In the hot summer of 1949, a group of family and friends gather at Harry Denholm’s country house in Kent. Meg and Dan Ranscombe, emerging from a scandal of their own making; Dan’s godmother, Sonia; and her two young girls, Laura and Avril, only one of whom is Sonia’s biological daughter. Amongst the heat, memories, and infatuations, a secret is revealed to Meg’s son, Max, and soon a terrible tragedy unfolds that will have consequences for them all.

Afterward, Avril, Laura, and Max must come of age in a society still reeling from the war, haunted by the choices of that fateful summer. Cold, entitled Avril will go to any lengths to take what is hers. Beautiful, naive Laura finds refuge and love in the London jazz clubs, but Max, with wealth and unrequited love, has the capacity to undo it all.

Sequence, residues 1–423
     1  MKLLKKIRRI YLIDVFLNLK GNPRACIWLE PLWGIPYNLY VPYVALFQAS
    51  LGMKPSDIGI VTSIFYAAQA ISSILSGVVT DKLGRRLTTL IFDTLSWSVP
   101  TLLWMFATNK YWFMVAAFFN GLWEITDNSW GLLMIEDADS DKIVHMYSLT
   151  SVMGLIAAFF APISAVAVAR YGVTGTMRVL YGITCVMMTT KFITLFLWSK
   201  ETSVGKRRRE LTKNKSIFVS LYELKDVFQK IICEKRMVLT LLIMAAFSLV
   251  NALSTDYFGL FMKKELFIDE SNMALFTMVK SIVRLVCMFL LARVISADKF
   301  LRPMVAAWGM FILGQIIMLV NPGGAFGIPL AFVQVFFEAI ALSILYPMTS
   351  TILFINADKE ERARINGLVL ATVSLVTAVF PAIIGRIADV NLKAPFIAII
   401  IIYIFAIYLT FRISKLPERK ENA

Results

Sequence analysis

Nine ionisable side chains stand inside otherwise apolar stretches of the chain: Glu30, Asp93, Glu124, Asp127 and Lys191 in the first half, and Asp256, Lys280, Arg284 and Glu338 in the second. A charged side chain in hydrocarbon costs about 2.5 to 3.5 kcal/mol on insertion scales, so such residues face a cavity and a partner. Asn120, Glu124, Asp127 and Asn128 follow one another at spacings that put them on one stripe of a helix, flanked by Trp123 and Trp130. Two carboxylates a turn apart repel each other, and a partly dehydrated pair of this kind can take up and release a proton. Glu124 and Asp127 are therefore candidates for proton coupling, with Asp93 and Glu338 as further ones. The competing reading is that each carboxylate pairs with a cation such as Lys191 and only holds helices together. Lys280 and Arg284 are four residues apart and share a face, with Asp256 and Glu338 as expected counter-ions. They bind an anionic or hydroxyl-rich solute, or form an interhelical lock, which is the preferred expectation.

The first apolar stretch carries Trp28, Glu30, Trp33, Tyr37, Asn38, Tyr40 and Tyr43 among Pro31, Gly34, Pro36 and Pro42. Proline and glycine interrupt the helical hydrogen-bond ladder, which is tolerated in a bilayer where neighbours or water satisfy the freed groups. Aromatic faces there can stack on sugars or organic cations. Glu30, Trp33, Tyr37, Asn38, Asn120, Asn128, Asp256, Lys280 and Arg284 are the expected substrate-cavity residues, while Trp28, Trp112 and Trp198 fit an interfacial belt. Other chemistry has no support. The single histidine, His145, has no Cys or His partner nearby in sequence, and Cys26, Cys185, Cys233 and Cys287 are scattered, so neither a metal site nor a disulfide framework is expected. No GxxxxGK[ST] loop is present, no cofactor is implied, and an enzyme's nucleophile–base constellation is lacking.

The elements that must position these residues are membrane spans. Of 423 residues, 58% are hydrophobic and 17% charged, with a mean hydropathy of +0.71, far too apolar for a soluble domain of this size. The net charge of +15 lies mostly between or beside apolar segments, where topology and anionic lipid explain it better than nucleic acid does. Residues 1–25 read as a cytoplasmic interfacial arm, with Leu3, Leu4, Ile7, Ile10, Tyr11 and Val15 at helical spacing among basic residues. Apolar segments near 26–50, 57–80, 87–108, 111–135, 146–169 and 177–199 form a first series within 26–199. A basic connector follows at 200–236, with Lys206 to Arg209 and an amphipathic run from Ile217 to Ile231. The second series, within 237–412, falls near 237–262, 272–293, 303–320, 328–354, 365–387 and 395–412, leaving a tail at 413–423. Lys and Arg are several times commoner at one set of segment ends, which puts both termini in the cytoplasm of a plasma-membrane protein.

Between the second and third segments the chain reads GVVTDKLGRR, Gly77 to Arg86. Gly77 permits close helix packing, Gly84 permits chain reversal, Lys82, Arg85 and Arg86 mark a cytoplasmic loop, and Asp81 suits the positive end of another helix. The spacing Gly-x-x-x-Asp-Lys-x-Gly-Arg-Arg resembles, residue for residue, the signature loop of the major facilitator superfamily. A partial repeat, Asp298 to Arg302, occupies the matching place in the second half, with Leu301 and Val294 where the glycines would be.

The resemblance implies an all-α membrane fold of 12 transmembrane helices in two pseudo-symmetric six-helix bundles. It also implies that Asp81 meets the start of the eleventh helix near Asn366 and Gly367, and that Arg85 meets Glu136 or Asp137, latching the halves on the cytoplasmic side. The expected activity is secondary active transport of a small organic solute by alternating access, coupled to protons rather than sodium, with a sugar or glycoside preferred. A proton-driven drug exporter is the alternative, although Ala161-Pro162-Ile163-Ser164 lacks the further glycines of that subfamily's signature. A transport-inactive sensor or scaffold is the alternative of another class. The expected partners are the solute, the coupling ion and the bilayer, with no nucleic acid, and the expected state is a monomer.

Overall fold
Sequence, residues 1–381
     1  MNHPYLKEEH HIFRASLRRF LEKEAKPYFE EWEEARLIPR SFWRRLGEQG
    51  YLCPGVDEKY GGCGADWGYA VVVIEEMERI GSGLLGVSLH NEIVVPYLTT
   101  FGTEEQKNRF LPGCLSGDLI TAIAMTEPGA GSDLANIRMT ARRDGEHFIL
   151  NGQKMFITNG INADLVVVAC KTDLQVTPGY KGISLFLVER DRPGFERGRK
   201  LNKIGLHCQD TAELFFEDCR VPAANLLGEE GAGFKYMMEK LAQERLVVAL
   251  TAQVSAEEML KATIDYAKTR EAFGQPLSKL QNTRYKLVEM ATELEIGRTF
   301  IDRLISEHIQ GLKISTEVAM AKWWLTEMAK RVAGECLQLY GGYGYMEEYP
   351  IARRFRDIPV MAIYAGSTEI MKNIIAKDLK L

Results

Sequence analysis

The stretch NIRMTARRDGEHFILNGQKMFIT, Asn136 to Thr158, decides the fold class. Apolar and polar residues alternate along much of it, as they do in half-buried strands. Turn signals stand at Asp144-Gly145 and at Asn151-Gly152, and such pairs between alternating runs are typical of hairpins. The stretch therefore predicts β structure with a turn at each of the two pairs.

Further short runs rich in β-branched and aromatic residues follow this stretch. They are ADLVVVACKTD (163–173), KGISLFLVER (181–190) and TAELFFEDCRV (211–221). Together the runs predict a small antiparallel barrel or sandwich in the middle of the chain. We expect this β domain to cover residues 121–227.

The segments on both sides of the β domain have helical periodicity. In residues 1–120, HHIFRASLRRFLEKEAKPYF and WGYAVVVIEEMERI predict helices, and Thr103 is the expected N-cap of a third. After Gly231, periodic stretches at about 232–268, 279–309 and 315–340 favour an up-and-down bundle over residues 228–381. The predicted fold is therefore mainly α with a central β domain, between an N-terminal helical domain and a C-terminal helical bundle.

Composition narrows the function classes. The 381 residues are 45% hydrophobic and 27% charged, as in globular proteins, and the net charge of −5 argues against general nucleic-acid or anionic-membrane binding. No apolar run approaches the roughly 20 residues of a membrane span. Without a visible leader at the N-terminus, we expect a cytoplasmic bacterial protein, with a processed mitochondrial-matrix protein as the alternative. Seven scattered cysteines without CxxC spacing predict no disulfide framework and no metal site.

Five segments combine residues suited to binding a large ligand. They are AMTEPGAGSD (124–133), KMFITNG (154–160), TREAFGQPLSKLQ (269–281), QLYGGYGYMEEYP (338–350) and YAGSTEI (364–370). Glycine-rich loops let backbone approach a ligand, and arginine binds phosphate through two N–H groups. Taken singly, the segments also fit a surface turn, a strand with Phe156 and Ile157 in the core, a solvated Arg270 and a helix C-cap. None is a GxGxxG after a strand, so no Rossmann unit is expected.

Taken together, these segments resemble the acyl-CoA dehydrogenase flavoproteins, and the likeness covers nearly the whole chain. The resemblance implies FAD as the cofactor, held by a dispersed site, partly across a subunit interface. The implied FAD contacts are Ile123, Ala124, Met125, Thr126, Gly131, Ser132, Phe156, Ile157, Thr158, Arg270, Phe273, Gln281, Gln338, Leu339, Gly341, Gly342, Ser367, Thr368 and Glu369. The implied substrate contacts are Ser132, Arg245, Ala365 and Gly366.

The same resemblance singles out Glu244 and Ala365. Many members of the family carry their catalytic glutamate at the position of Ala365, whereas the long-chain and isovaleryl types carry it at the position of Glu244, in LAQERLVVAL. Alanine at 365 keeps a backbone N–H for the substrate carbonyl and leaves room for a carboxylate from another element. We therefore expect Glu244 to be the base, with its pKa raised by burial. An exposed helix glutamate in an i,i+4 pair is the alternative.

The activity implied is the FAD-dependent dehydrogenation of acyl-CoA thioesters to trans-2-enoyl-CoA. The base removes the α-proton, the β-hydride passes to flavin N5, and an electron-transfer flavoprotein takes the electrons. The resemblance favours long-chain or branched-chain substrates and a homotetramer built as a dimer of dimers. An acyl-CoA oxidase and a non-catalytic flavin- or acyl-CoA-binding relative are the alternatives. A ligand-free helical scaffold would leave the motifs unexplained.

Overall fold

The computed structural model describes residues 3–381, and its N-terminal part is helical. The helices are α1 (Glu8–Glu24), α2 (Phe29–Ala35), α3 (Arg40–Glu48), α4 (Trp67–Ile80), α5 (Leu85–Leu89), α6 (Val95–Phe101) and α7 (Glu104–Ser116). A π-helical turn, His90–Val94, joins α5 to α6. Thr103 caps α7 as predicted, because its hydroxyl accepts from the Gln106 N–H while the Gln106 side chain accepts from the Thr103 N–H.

The Mountain Man's BadgeThe Mountain Man’s Badge by Gary Corbin (eARC, courtesy of the author)

Lehigh Carter never wanted to be sheriff. And he sure never wanted to arrest his new father-in-law for murder.

Mountain Man Lehigh Carter got talked into serving the unexpired term of disgraced long-time Mt. Hood County sheriff Buck Winters, hoping for a quiet nine months in office before the voters selected a new, permanent office-holder. But a few months into the job, poachers discover the body of Everett Downey, a sleazy local businessman, and the evidence points to Lehigh’s brand-new father-in-law, the once-powerful senator George McBride. To his chagrin and his new bride’s fury, Lehigh is forced to arrest George for the murder, and suddenly his happy marriage is on the rocks. Soon he’s living in a tent with only his two dogs for companionship.